Last month, we asked EFF supporters to help save Alice v. CLS Bank, the 2014 Supreme Court decision that has helped stem the tide of stupid software patents and abusive patent litigation. The Patent Office received hundreds of comments from you, telling it to do the right thing and apply Alice, not narrow it. Thank you.
Last week, EFF submitted its own comments [PDF] to the Patent Office. In our comments, we explain that Patent Office’s new guidance on patent-eligibility will make it harder—if not impossible—for examiners to apply Supreme Court law correctly. If examiners cannot apply Alice to abstract patent applications, more invalid patents will issue. That’s not only bad for innovation, it also violates fundamental principles of divided government. The Supreme Court interprets laws that Congress passes, not executive branch agencies like the Patent Office.
The Patent Office’s new guidance aims to undermine Alice in two ways. First, the Guidance narrows ineligible abstract ideas to only three possibilities: mental processes, mathematical formula, and methods of organizing human activity. No Supreme Court or Federal Circuit has ever said only three categories of abstract ideas exist. In fact, the Supreme Court in Alice went out of its way to explain that it was not going to “labor to delimit the precise contours of the ‘abstract ideas’ category in this case.”
That omission is not incidental. Instead, of defining a precise “abstract idea” category, the Court endorsed an approach that should be familiar to lawyers: figuring out whether the claims in a given case are abstract, by using past cases. That’s how the Court determined that the Alice patent—which covered the idea of using a third-party intermediary—was abstract. It was similar to other abstract patents, like one on the idea of hedging risk. Following Alice, courts have repeatedly recognized abstract ideas by comparing them to other abstract ideas. That is the method the Supreme Court has approved, and the Patent Office should instruct its examiners to apply it as well—not to effectively rewrite its own wishes into the Supreme Court’s decision.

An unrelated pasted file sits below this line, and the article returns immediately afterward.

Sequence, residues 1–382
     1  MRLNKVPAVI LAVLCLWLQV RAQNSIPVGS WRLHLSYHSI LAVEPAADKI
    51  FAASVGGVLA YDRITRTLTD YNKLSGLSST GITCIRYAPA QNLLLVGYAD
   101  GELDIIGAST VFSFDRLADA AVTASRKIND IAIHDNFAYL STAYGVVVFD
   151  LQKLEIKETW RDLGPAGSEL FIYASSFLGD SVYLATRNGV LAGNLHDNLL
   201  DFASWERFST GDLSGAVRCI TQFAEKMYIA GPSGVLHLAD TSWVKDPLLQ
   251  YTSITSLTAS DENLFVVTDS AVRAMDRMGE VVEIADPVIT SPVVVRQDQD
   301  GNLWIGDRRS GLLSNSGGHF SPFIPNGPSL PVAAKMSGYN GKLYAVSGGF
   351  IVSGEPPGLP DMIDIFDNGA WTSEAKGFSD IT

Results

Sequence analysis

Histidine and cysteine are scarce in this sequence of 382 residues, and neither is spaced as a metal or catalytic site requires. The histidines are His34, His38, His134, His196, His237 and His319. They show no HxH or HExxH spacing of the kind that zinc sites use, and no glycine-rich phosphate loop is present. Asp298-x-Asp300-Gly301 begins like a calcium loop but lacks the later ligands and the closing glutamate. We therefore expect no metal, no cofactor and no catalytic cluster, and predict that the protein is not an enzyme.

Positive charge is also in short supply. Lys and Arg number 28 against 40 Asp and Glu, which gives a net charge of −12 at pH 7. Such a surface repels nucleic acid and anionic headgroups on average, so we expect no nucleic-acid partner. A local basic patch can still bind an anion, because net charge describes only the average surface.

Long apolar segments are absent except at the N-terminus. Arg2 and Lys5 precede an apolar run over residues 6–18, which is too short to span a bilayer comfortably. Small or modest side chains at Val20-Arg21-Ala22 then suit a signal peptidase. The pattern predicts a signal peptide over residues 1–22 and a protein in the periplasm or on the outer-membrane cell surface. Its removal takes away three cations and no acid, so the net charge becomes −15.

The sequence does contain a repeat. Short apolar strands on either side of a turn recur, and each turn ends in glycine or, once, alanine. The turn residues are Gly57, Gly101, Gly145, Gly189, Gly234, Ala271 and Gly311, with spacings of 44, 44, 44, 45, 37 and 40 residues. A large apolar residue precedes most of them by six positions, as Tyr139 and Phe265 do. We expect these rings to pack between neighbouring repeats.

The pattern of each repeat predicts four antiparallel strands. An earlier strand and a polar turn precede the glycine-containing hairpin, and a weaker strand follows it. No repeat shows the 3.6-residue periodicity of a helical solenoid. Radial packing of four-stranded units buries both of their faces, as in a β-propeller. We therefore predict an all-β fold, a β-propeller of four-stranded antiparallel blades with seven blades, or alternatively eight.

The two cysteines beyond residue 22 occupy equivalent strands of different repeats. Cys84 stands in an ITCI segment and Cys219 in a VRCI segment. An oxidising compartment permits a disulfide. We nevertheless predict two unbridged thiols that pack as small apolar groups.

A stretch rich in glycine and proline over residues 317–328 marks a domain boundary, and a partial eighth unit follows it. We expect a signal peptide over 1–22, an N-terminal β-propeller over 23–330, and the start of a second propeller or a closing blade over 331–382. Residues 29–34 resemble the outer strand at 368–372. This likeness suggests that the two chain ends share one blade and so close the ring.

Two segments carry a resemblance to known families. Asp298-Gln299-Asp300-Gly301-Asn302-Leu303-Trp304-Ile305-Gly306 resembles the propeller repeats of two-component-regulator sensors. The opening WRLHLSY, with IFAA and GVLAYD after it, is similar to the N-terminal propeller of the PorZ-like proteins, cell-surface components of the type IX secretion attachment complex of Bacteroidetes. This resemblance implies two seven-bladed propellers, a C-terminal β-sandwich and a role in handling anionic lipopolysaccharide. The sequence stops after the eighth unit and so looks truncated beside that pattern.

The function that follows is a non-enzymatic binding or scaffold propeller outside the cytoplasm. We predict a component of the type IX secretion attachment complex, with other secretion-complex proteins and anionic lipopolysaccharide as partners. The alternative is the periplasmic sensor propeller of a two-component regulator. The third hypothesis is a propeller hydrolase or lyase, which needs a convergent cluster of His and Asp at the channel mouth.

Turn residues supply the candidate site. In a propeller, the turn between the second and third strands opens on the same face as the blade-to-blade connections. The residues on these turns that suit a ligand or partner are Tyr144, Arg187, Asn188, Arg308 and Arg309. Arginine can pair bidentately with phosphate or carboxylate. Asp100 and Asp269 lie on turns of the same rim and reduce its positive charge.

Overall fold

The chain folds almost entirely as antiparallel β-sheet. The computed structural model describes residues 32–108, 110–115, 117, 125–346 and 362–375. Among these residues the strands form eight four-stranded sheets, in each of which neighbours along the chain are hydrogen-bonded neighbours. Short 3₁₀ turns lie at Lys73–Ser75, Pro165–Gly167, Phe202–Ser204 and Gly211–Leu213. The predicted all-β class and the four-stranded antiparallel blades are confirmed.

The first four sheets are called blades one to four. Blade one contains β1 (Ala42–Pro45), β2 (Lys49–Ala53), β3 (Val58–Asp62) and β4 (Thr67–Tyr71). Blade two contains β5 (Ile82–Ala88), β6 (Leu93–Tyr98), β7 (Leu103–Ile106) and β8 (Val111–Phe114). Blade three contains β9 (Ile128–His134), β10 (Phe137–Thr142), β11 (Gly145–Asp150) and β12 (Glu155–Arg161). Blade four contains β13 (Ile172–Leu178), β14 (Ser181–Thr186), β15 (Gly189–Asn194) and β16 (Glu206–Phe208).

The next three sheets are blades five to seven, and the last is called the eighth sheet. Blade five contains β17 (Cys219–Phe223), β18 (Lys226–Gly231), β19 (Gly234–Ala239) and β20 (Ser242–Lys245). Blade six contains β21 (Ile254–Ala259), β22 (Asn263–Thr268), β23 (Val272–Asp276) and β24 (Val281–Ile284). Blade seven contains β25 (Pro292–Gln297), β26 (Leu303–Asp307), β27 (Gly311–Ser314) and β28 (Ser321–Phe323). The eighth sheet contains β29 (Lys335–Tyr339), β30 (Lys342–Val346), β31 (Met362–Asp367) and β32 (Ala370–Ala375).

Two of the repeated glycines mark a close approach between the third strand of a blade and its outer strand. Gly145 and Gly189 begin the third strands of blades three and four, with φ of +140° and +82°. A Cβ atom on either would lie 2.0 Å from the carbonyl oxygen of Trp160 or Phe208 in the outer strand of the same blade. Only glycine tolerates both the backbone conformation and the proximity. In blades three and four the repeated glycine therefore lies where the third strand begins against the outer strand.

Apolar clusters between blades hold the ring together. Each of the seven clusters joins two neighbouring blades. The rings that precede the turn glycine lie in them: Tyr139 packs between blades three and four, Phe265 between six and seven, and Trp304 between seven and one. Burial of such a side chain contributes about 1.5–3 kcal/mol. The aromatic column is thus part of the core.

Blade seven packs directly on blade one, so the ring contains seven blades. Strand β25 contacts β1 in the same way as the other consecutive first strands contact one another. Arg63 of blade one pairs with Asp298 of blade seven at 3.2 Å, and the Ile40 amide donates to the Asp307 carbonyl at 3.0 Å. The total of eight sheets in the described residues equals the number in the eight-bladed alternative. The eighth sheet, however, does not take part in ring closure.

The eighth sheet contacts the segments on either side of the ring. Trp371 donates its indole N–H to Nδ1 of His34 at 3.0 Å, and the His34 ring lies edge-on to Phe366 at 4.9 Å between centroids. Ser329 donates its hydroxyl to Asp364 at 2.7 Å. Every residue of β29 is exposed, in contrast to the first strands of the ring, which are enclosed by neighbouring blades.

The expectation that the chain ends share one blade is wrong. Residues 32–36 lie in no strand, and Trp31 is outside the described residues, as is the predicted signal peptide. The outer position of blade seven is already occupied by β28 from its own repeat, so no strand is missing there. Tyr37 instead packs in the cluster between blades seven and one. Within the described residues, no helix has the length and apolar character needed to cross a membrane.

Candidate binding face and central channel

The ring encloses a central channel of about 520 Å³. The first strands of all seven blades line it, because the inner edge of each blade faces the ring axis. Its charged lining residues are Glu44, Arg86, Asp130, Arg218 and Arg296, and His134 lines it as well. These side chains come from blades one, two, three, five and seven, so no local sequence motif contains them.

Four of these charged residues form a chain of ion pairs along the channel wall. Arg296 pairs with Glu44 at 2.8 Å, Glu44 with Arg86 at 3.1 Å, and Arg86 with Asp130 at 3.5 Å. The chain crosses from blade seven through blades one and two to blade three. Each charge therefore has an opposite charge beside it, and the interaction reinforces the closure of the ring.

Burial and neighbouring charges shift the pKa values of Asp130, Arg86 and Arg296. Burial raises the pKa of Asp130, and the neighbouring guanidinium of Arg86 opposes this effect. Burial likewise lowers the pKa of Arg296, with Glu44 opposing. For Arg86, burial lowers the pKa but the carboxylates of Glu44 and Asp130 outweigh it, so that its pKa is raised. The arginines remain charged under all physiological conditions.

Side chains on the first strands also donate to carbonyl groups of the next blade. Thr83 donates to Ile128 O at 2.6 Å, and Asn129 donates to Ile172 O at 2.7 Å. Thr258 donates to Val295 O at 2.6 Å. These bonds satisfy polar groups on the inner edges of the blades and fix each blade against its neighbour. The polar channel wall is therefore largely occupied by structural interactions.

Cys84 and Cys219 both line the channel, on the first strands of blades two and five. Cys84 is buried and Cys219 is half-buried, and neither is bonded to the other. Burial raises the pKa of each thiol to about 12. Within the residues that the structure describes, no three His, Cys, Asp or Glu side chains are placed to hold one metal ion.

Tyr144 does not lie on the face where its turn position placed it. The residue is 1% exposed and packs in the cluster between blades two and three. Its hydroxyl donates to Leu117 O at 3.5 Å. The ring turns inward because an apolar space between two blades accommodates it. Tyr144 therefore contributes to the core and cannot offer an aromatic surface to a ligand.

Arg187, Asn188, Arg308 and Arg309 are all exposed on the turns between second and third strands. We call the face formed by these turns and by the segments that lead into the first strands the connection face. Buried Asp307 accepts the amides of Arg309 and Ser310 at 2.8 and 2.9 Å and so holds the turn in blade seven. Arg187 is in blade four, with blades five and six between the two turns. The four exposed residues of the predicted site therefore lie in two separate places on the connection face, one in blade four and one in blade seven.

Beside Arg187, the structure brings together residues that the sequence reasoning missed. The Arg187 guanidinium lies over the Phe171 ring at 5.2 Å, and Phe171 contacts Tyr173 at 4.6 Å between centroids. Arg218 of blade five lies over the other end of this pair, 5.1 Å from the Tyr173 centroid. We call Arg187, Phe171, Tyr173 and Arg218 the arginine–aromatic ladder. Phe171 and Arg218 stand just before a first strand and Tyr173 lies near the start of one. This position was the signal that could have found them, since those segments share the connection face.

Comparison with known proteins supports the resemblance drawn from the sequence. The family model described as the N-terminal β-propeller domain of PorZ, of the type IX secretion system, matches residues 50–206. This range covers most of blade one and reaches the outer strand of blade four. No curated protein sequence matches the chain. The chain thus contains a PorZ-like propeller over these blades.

Second, the Guidance creates an entirely new and unprecedented step within the Supreme Court’s two-step test. According to the Patent Office, an application that recites an abstract idea should still get a patent, as long as it integrates the idea into a “practical application.” That means examiners would bypass the critical second step of the Supreme Court’s patent-eligilibity test—identifying an “inventive concept.” In Alice, the Supreme Court applied the entire two-step test, and did not suggest there were any loopholes. The idea that any “practical application” is enough to get a patent, even without inventiveness, fails to comply with Alice.
The Patent Office’s new guidance cites a handful of Federal Circuit decisions in support of its approach. But it ignores countless cases in which the Federal Circuit has rejected ineligible abstract ideas that the Patent Office will now almost certainly approve, and it ignores key aspects of Alice itself.
The Patent Office has no authority to ignore case law it dislikes. With your help, we will keep fighting to ensure the patent system promotes innovation by limiting patent grants to actual inventions.